Congratulations to our Lenten writing contest runner-up, Megan Davis, whose poignant artistry in applying Psalm 40 to her own life remains unparalleled!
In the dark, I silently cried out to any god who might listen, “Let me succeed at this.” I snuggled my teddy bear close to me and quickly fell into a deep sleep. It was not until the next afternoon I realized that I had failed yet again. I had failed my family. I had failed my friends. I had failed too many classes to get a diploma. I had failed my gods. And now I had even failed to die.
“My iniquities have overtaken me,
and I cannot see;
they are more than the hairs of my head;
my heart fails me.”
Why had the death I deserved not been granted to me? All the things I had done, all the things I had left undone still needed paid for. I had tried to pay for it in my own blood, but there had never been enough.
And so days passed on. The debt still had to be paid, how could I pay it? Scenarios flashed through my mind, each one quickly answered with how they would also fail.
One morning, a thought suddenly split open my mind like a single brilliant flash of lightning crossing a dark sky: “It’s not up to you if you live or die. It’s up to God. Father, Son, and Holy Spirit, just like Mr. Redding taught you softmore year.” This new thought poured through my body. That God? The real God? Not up to me?
“Be pleased, O Lord, to deliver me!
O Lord, make haste to help me!”
Suddenly a little bit lighter, I walked up to my room. I sat on my bed and pondered what this meant. I still deserved to die, but it wasn’t my responsibility. I cried, “Please Lord, send a bus hurtling my direction,” but began to make some plans just in case I had to live.
“You are my help and my deliverer;
do not delay, O my God!”
Thus I went to community college, made up the credits to get my diploma, and began work on an Associates. I applied myself to therapy. I got a job. Months later, in a writing class I met a kind and intelligent young man. We fell in love, and he asked me to marry him. Immediately, I started imagining our wedding. Would it be on the beach, or maybe the mountain? I asked my fiancé where he thought we should have the wedding. Suddenly looking a bit bashful he replied, “Well I always thought I would get married in my church.”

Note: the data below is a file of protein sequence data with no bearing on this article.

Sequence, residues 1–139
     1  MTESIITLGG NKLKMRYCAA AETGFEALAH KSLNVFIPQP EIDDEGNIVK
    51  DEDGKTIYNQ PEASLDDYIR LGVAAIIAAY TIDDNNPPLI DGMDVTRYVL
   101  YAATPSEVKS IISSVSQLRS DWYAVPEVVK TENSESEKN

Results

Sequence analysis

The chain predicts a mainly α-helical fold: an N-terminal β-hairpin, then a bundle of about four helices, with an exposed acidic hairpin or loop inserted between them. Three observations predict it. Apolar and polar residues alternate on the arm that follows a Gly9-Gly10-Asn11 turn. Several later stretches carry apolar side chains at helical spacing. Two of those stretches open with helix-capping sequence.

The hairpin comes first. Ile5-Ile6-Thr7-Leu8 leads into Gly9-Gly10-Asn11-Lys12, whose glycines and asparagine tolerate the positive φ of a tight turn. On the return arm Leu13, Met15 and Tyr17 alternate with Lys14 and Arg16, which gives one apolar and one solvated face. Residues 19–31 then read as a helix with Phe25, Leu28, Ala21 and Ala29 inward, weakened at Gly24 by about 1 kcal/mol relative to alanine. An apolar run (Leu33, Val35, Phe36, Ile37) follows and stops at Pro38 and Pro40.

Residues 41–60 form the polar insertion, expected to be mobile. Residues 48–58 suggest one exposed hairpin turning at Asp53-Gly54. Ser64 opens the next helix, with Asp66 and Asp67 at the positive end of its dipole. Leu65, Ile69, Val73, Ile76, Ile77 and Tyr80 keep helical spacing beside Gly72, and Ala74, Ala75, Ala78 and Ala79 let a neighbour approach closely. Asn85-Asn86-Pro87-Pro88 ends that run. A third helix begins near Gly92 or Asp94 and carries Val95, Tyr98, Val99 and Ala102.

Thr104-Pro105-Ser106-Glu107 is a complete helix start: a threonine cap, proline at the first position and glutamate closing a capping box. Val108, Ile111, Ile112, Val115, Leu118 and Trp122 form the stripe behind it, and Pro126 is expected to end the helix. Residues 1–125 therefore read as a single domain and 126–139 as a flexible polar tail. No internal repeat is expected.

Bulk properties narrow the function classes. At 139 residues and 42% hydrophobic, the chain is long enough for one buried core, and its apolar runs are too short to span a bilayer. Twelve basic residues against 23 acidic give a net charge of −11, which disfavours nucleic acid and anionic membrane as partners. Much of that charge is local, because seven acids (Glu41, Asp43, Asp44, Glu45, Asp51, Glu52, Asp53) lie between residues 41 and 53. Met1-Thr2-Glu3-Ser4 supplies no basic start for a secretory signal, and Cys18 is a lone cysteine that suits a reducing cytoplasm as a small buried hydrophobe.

“You go to church?”
I had been in churches a handful of times as a girl and to the liturgies of my Catholic high school, but I wanted to know about the faith that had helped form my soon-to-be husband. He was Lutheran, and his church’s liturgy was very similar to those of my school days. The hymns and preaching were deep and interesting. So when the pastor offered new member classes, I was eager to learn more but had no intention of becoming a member or even being baptized.
Twelve weeks of classes took about six months to get through. I loved the deep respect and logic the Lutherans gave to the Bible and appreciated their well-thought-out doctrine.
Then one day, I discovered that I believed it.
So I asked to be baptized.
Nearly two-and-a-half years after that dark night, I stood in the light of morning in front of an eight-sided wooden font. Guided from an old red hymnal, I declared my faith and my desire to be baptized.
“I have told the glad news of deliverance
in the great congregation;
behold, I have not restrained my lips,
as you know, O Lord.
I have not hidden your deliverance within my heart;
I have spoken of your faithfulness and your salvation;”
The sign of the cross was made over my head and chest declaring Christ’s death for me. I bent over the font, and water was dribbled over my head in His name, Father, Son, and Holy Spirit. The death that I knew I deserved was finally given to me, the debt was paid in full.
“He drew me up from the pit of destruction,
out of the miry bog,
and set my feet upon a rock,
making my steps secure.
He put a new song in my mouth,
a song of praise to our God.”
I stood up. The weight I had carried so long was gone. And in its place was something new. For He gave me what I had not dreamt to ask for. He gave me life. He gave me His resurrection.
“I waited patiently for the Lord;
He inclined to me and heard my cry.”
By Megan Davis